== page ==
Halifax, NS may one day be known not for the Maritime beauty that it is: a small cultural paradise steeped in artistic tradition, but for the quality of musical acts it has produced over the past decade. Artists such as Amanda Marshall, Sarah McLachlan and Sloan only begin a list which reads as a who’s-who of the Canadian music scene. A lesser-known, but equally powerful force has also emerged, albeit quieter, from the famous shadows that surround her. The her, none other than the jazz vocalist Holly Cole, has already established a presence in the pop-jazz tradition, and has know woken the genre up with her latest album, Romantically Helpless.
A pumped-up collaborative effort, Cole’s partnership with Grammy-award winning producer Steve Ferrera hits all the right notes. Jazz fans will recognize many first-rate writers on songs such as “Ghosts” (Randy Newman),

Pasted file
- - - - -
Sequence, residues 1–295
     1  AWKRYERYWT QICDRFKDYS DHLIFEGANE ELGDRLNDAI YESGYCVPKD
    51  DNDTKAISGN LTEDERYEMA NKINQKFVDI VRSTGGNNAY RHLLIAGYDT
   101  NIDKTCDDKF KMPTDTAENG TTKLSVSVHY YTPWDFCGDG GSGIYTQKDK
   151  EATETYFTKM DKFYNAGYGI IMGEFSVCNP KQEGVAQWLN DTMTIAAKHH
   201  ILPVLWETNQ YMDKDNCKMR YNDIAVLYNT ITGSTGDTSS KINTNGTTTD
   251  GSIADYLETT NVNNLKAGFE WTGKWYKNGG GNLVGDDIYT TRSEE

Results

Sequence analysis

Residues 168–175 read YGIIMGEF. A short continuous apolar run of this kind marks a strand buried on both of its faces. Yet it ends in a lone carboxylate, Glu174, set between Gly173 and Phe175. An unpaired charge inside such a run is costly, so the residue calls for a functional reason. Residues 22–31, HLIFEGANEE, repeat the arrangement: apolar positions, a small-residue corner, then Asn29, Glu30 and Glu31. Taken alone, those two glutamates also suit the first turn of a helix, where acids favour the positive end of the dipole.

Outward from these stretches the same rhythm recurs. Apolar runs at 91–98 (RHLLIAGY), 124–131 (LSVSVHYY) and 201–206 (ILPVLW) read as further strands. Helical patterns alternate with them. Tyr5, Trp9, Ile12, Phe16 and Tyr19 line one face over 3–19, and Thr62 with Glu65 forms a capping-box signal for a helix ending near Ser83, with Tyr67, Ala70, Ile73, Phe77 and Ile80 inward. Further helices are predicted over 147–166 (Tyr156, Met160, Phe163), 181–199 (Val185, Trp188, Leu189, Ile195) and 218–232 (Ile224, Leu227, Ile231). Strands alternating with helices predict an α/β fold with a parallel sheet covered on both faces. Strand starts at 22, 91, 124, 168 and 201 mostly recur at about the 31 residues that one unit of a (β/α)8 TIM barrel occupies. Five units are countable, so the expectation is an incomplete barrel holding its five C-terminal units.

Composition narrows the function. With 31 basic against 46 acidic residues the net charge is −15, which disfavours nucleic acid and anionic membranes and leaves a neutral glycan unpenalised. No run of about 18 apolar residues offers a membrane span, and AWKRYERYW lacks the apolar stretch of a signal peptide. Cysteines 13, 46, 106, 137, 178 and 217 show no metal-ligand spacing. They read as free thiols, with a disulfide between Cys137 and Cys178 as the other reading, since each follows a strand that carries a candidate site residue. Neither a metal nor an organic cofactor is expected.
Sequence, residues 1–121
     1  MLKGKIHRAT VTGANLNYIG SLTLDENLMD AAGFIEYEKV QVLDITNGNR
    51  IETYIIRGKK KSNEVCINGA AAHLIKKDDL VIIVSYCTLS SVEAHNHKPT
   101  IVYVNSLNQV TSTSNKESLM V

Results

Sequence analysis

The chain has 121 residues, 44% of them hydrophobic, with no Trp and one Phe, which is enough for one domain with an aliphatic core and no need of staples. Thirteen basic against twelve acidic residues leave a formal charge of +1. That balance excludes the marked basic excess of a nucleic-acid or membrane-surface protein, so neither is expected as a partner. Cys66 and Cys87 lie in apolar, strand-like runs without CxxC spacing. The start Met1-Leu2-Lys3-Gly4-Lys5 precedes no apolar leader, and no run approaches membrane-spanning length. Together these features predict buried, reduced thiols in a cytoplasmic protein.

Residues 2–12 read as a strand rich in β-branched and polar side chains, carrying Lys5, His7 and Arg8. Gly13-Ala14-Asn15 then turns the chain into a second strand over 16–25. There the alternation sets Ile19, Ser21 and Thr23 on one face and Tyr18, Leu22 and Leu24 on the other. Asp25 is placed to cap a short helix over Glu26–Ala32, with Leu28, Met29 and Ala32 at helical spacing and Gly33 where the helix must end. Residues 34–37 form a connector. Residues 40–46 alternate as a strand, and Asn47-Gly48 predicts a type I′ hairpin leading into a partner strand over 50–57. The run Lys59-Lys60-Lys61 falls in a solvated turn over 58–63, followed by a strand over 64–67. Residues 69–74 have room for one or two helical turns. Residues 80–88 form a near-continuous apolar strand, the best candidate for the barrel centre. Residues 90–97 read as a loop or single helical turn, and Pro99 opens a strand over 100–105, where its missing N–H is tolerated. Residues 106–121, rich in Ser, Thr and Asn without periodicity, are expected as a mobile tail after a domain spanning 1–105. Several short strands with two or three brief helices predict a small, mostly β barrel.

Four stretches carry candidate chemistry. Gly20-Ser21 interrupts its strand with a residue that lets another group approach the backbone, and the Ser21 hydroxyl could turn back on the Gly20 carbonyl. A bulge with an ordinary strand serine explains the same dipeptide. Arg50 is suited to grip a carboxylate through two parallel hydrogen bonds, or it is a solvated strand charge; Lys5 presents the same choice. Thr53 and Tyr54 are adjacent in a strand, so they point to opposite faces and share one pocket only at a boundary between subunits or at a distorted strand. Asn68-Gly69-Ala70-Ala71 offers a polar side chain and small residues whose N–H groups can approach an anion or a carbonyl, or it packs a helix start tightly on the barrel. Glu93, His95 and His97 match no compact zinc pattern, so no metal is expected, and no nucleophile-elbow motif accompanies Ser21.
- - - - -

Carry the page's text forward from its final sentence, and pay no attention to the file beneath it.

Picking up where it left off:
“One Trick Pony” (Paul Simon) and “If I Start To Cry” (Laura Harding). Cole’s own band mates pitch in with the album gem “Make It Go Away” (Aaron Davis) and the seductive “I’ll Be Here” (David Piltch).
The talent that surrounds Cole fails to drown her as she floats through each song touched by emotions that are as singularly private as they are meticulously shared. Such is the wonder of Holly Cole, and the root of her considerate success. Romantically Helpless cuts through the listener’s guarded instincts, uniquely reaching something entirely worth experiencing. A must have…